Six seasons without a World Series appearance is a long time when the Yankees have the highest payroll in baseball. Their 2007 payroll was $195 million. This was over $50 million higher than the second-highest payroll, the Boston Red Sox’ $143 million. They were beaten by a Cleveland team with a payroll of $61 million, more than 1/3 the size of their own. For paying this kind of premium, I would also expect my players to deliver me a World Championship.

Steinbrenner’s comments to on Saturday night reminded us of the old-Steinbrenner, vintage 1980s. This was the Steinbrenner about whom we have forgotten as the man fades from public view in increasingly poor health, hidden behind Rubenstein’s statements and Yankees management. This was the shoot-from-the-hip Steinbrenner who made 20 – yes, 20! – managerial changes between 1974 and 1992 and went through an even greater number of pitching coaches.

That Torre’s 2007 Yankees won even 94 games is impressive and worthy of praise. Yes, he had Alex Rodriquez and his 54 homeruns and 156 RBIs. Derek Jeter hit .314 and catcher Jorge Posada had a career year hitting .338 with 20 homeruns.

But the pitching? Torre would have had killer top-three starters for 1997 with Roger Clemens, Andy Petite, and Mike Mussina. But in 2007, Pettitte is 35-years old, Mussina is 38, and Clemens is 44. Pettitte had the best year of the three winning 15 games with a 4.05 ERA. I love seeing Pettitte back in pinstripes but he is not the late-1990s workhorse that he once was. Mussina pitched so poorly that the Yanks removed him from the rotation late in the season. Clemens went 6 and 6 in 17 starts which works out to $3 million per-victory.

The Yankees used 15 different starting pitchers this season. The Yankees signed former Japanese-league star Kei Igawa in the offseason after losing the Daisuke Matsuzaka sweepstakes to the rival Red Sox. Igawa started 12 games, had an era of 6.25 and spent part of the season pitching for AAA Scranton-Wilkes Barre. Phil Hughes showed promise but at age 21, was good only 5 wins and a 4.46 ERA. Perhaps current Yankees pitching coach Ron Guidry could have turned back his own clock to 1978 and pitched a few innings for the club. At age 57, Guidry is closer in age to Clemens than Clemens is to Hughes.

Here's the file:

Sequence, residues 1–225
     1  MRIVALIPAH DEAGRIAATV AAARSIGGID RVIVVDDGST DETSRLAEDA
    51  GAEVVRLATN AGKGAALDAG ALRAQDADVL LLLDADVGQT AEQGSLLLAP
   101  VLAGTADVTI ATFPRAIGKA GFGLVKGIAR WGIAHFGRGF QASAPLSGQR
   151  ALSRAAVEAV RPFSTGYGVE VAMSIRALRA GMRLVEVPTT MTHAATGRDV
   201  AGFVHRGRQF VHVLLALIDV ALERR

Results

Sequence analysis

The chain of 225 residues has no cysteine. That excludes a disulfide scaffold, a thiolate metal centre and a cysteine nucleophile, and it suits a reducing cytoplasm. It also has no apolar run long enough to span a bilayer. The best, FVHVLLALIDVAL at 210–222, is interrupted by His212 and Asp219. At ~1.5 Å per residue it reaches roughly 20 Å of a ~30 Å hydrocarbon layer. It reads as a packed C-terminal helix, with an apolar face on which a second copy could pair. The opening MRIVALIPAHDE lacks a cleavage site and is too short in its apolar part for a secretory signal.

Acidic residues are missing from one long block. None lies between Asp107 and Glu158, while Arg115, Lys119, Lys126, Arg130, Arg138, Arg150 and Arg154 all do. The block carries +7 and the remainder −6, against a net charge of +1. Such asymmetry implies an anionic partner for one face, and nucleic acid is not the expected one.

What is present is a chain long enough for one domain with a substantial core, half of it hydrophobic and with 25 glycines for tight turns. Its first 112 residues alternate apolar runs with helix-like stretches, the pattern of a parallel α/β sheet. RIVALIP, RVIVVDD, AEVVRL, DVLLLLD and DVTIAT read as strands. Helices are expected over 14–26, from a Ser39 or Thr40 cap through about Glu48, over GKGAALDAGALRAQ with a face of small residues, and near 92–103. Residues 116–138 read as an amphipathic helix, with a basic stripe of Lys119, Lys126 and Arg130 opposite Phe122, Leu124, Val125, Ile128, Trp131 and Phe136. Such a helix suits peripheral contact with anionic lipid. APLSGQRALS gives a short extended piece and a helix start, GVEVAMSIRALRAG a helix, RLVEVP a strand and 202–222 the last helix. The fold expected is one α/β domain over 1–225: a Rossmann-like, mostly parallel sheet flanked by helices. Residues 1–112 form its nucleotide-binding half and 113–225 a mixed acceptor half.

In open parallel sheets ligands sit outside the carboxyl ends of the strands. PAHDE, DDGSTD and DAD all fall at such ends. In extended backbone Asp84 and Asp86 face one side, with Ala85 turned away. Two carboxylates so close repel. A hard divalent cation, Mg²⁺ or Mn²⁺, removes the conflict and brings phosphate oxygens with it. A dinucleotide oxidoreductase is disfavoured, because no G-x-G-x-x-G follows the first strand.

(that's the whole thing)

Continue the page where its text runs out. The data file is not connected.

The Sporting News’ Gerry Fraley suggests today that this offseason may be a natural turning-over point for the franchise. Clemens will not return next year. Posada and closer-supreme Mariano Rivera are free-agents. Posada is 36 and Rivera is 38. Rodriguez could walk and the Yankees could apply this money to free-agent starting pitching, a new catcher, and make Joba Chamberlain the new closer.

Maybe they should and maybe they should not. I am not sure Posada is done and even playing a fewer games, he is a team leader. Rivera at age 39 will still be a superior closer than most of the league’s relievers at age 29. And, come on, has the word “spending-budget” ever had meaning for the organization?

Current Yankees bench coach Don Mattingly, and former coach and catcher Joe Girardi have been discussed as Torre-successors. Both would make fine managers of the Yankees. Or I should write, “will” make fine managers, because at age 67, Torre will not manage forever.

I am just not convinced that this is the end of Torre’s managerial career with the Yankees. My money is that Rubenstein issues a statement allowing Steinbrenner to save face, and allowing Torre to keep his job.